Redic v. Marshall

Filing 68

ORDER GRANTING MOTION FOR RECONSIDERATION; ORDER DISMISSING CERTAIN CLAIMS; ORDER SETTING BRIEFING SCHEDULE. Habeas Answer due by 5/20/2014. Signed by Judge Richard Seeborg on 2/11/14. (Attachments: # 1 Certificate/Proof of Service)(cl, COURT STAFF) (Filed on 2/11/2014)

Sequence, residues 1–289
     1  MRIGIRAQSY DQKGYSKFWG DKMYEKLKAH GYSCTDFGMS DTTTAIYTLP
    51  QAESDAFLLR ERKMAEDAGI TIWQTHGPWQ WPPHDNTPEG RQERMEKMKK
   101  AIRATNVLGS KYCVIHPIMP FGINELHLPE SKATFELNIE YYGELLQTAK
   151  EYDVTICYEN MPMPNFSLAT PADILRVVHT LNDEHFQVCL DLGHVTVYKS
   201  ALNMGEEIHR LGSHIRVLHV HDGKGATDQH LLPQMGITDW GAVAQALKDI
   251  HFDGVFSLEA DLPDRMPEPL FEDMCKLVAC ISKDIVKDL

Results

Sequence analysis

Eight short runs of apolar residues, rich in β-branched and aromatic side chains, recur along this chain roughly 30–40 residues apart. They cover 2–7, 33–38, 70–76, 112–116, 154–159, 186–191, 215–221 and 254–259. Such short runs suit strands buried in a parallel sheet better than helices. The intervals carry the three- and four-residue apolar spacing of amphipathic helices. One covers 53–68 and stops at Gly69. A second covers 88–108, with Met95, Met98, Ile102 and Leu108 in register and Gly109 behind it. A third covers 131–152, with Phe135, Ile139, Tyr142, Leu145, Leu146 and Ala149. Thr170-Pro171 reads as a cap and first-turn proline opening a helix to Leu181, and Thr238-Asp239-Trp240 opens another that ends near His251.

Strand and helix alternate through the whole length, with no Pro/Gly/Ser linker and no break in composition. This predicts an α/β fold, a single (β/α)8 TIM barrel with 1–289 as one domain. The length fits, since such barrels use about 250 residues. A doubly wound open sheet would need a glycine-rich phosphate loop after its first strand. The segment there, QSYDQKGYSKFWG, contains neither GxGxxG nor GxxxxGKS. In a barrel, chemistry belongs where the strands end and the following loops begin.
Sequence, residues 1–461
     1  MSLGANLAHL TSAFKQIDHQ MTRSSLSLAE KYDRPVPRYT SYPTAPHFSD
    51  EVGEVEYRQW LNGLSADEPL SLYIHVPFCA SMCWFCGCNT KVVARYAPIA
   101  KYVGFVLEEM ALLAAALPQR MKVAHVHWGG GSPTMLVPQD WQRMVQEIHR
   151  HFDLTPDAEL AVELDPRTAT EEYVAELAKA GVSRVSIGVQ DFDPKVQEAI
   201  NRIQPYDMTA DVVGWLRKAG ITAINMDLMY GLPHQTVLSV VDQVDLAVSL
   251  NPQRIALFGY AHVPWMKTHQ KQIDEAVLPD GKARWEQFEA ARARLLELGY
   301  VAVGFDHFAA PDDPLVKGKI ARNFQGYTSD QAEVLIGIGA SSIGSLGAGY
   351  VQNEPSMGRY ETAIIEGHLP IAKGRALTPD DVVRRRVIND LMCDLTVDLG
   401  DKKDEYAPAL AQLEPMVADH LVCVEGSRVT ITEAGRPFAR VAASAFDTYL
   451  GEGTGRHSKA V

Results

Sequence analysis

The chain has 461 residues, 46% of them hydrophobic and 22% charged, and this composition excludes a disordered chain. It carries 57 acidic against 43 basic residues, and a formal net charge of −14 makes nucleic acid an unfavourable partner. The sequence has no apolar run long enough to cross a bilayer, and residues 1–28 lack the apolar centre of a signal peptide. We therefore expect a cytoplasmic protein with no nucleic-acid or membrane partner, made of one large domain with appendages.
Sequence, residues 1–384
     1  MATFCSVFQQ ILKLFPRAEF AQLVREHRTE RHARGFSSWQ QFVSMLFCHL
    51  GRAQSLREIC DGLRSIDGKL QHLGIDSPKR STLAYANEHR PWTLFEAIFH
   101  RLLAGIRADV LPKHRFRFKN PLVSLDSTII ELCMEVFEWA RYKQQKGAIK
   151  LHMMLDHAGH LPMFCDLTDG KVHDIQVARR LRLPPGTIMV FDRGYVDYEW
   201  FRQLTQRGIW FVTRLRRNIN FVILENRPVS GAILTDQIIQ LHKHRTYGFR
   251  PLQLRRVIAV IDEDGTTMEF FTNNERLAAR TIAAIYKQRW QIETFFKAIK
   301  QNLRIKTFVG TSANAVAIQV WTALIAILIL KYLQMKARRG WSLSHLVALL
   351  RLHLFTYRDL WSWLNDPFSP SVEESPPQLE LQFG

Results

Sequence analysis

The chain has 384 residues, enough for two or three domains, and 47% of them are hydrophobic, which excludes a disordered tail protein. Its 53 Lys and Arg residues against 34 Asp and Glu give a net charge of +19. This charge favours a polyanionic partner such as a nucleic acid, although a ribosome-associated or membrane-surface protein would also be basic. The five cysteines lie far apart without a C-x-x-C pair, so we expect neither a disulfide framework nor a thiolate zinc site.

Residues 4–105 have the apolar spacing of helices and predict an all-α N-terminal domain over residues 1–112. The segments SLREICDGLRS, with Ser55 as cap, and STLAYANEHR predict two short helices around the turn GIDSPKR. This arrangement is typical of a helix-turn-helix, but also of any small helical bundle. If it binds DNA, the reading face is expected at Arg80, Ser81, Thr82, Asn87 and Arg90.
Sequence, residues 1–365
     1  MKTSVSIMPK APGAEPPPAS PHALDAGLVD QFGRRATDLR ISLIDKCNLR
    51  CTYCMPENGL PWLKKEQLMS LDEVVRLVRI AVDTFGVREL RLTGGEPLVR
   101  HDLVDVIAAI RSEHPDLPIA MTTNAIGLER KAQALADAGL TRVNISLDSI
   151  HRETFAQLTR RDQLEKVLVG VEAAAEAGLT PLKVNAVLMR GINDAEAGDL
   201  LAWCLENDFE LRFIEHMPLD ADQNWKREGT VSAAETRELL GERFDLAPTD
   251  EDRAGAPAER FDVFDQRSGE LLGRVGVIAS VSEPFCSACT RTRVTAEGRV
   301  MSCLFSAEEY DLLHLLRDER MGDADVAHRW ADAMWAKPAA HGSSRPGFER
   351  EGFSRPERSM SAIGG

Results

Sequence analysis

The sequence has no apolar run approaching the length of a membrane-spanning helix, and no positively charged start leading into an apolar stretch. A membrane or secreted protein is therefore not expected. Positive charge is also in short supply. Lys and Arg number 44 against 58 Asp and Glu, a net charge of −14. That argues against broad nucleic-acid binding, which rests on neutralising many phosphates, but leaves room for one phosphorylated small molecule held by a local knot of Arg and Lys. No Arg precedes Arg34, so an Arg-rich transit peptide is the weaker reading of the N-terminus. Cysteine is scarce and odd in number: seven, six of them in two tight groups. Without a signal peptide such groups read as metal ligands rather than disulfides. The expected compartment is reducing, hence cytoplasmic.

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1 2 3 *E-Filed 2/11/14* 4 5 6 7 UNITED STATES DISTRICT COURT 8 NORTHERN DISTRICT OF CALIFORNIA United States District Court For the Northern District of California 9 SAN FRANCISCO DIVISION 10 11 LARRY REDIC, 12 No. C 08-5010 RS (PR) Petitioner, ORDER GRANTING MOTION FOR RECONSIDERATION; 13 v. ORDER DISMISSING CERTAIN CLAIMS; 14 TERRI L. GONZALES, Warden, 15 Respondent. / 16 ORDER SETTING BRIEFING SCHEDULE 17 INTRODUCTION 18 For the reasons stated herein, respondent’s motion for reconsideration of the Court’s 19 denial of the motion to dismiss five of petitioner’s eight federal habeas claims as 20 procedurally defaulted (Docket No. 64) is GRANTED. Claims 4–81 in the second amended 21 22 23 habeas petition are DISMISSED. Respondent shall file an answer addressing the remaining claims on or before May 20, 2014. 24 25 26 1 “(4) there was prosecutorial misconduct; (5) defense and appellate counsel rendered ineffective assistance; (6) there was cumulative error; (7) trial court failed to issue an instruction 27 on a lesser included offense; and (8) the jury was biased against him because of his drug 28 addiction.” (Order to Show Cause, Docket No. 52, at 2.) No. C 08-5010 RS (PR) ORDER GRANTING MOT. FOR RECONSIDERATION DISCUSSION 1 2 I. Background In response to this Court’s order to show cause why petitioner’s second amended 3 petition should not be granted, respondent filed a motion to dismiss certain claims as 5 procedurally defaulted. (Docket No. 55.) The Court denied the motion without prejudice 6 and directed respondent to file an answer addressing the merits of all claims. (Docket 7 No. 62.) Respondent filed a motion for leave to file a motion for reconsideration (Docket 8 No. 63), which was granted. Respondent then filed a motion for reconsideration of the 9 United States District Court For the Northern District of California 4 Court’s denial of their motion to dismiss. (Docket No. 64.) That motion is presently before 10 the Court. 11 II. 12 Motion for Reconsideration Respondent asserts that five of petitioner’s eight claims are procedurally defaulted and 13 therefore barred from federal review. The five claims at issue here were presented to the 14 state supreme court only through a habeas petition, which was denied summarily with 15 citation to In re Robbins, 18 Cal. 4th 770, 780 (Cal. 1998). The U.S. Supreme Court has held 16 that such a “summary denial citing Clark and Robbins means that the petition is rejected as 17 untimely.” Walker v. Martin, 131 S. Ct. 1120, 1125 (2011). California’s timeliness rule is 18 independent, Bennett v. Mueller, 322 F.3d 573, 582–83 (9th Cir. 2003), and adequate, 19 Martin, 131 S. Ct. at 1131. It thus may be the basis for a federal district court to hold that a 20 claim in a federal petition that was rejected for untimeliness in the California courts is 21 procedurally defaulted. A federal court will not review questions of federal law decided by a 22 state court if the decision also rests on a state law ground that is independent of the federal 23 question and adequate to support the judgment. Coleman v. Thompson, 501 U.S. 722, 24 729–30 (1991). 25 The state supreme court’s determination of untimeliness was reasonable. Petitioner 26 was convicted in state court in 2006, and the state supreme court denied his petition for direct 27 review in 2007. (Respondent’s Mot. to Dismiss (Docket No. 55) at 15.) In the following 28 No. C 08-5010 RS (PR) 2 ORDER GRANTING MOT. FOR RECONSIDERATION 1 years, he filed various petitions in the state superior and appellate courts, the last of which 2 was denied by the state appellate court on May 27, 2009. (Id. at 16.) Sixteen months later, 3 on October 18, 2010, he filed his first habeas petition in the state supreme court, which, as 4 noted above, summarily denied it with a citation to In re Robbins. (Id.) This petition was 5 nearly identical to a petition petitioner filed a year before in the state appellate court. 6 Considering the delays between filings and the lack of justification for such delays, it was not unreasonable for the state supreme court to reject the petition as untimely, especially 8 as the United State Supreme Court had affirmed a finding by that same court deeming a 9 United States District Court For the Northern District of California 7 petition with a lesser delay untimely. Walker, 131 S. Ct. at 1129–30. There is no indication 10 that the state supreme court’s ruling was an attempt to discriminate against petitioner’s 11 claims of violations of his federal rights, or that it imposed the timeliness bar in an unfair 12 manner, or that the timeliness bar operated to “the particular disadvantage of petitioners 13 asserting federal rights.” Martin, 131 S. Ct. at 1131. On this record, respondent has shown 14 that the five claims at issue here were procedurally defaulted. It is now petitioner’s burden to 15 overcome this bar by showing cause and prejudice. 16 Procedural default can be overcome if the prisoner can demonstrate cause for the 17 default and actual prejudice as a result of the alleged violation of federal law, or demonstrate 18 that failure to consider the claims will result in a fundamental miscarriage of justice. 19 Coleman, 501 U.S. at 750. “‘[C]ause’ under the cause and prejudice test must be something 20 external to the petitioner, something that cannot fairly be attributed to him: [W]e think that 21 the existence of cause for a procedural default must ordinarily turn on whether the prisoner 22 can show that some objective factor external to the defense impeded counsel’s efforts to 23 comply with the State’s procedural rule.” Id. at 729 (internal quotation marks and citation 24 omitted). “To establish prejudice resulting from a procedural default, a habeas petitioner 25 bears ‘the burden of showing not merely that the errors at his trial constituted a possibility of 26 prejudice, but that they worked to his actual and substantial disadvantage, infecting his entire 27 trial with errors of constitutional dimension.’” White v. Lewis, 874 F.2d 599, 603 (9th 28 No. C 08-5010 RS (PR) 3 ORDER GRANTING MOT. FOR RECONSIDERATION 1 Cir.1989) (citing United States v. Frady, 456 U.S. 152, 170 (1982)). A petitioner must 2 establish factual innocence in order to show that a fundamental miscarriage of justice would 3 result from application of procedural default. See Gandarela v. Johnson, 275 F.3d 744, 4 749-50 (9th Cir. 2002); Wildman v. Johnson, 261 F.3d 832, 842–43 (9th Cir. 2001). Petitioner has not shown cause for the delay. In his filings, he makes conclusory 6 allegations regarding access to the law library (citing lockdowns, unhelpful staff, prison 7 transfers), inability to find counsel, a lack of legal knowledge, and a lack of mental capacity 8 to represent himself. He fails, however, to give sufficient detail about library access to 9 United States District Court For the Northern District of California 5 justify a sixteen-month delay. Also, his filing of many petitions (some of considerable 10 length) in the state superior and appellate courts over the years belie his assertions that he 11 lacked the mental ability or legal knowledge to file a timely petition with the state supreme 12 court. Furthermore, as stated above, the petition he filed sixteen months after his last petition 13 was denied was nearly identical to one he filed a year earlier. 14 Petitioner makes no arguments concerning prejudice. He also fails to satisfy the 15 requirements of the actual innocence exception to the procedural default rule. Specifically, 16 he has failed to show “new reliable evidence — whether it be exculpatory scientific 17 evidence, trustworthy eyewitness accounts, or critical physical evidence — that was not 18 presented at trial.” Schlup v. Delo, 513 U.S. 298, 324 (1996). 19 On this record, the five claims at issue here are procedurally defaulted. Petitioner has 20 failed to overcome this bar to review. Accordingly, respondent’s motion for reconsideration 21 will be granted. 22 23 24 25 CONCLUSION Respondent’s motion for reconsideration (Docket No. 64) is GRANTED, and the five claims at issue here are DISMISSED. The Clerk shall terminate Docket No. 64. Respondent shall file an answer addressing the merits of the remaining claims on or 26 before May 20, 2014. He shall file with the answer and serve on petitioner a copy of all 27 portions of the state trial record that previously have been transcribed and that are relevant to 28 No. C 08-5010 RS (PR) 4 ORDER GRANTING MOT. FOR RECONSIDERATION 1 a determination of the issues presented by the petition. If petitioner wishes to respond to the 2 answer, he shall do so by filing a traverse with the Court and serving it on respondent’s 3 counsel within 30 days of the date the answer is filed. Petitioner is reminded that all 4 communications with the Court must be served on respondent by mailing a true copy of the 5 document to respondent’s counsel. Upon a showing of good cause, requests by either party 6 for a reasonable extension of time will be granted provided that such requests are filed on or 7 before the deadline they seek to extend. 8 United States District Court For the Northern District of California 9 It is petitioner’s responsibility to prosecute this case. He must keep the Court and respondent informed of any change of address and must comply with the Court’s orders in a 10 timely fashion. Failure to do so may result in the dismissal of this action for failure to 11 prosecute pursuant to Federal Rule of Civil Procedure 41(b). 12 13 IT IS SO ORDERED. DATED: February 11, 2014 RICHARD SEEBORG United States District Judge 14 15 16 17 18 19 20 21 22 23 24 25 26 27 28 5 No. C 08-5010 RS (PR) ORDER DENYING MOTION TO DISMISS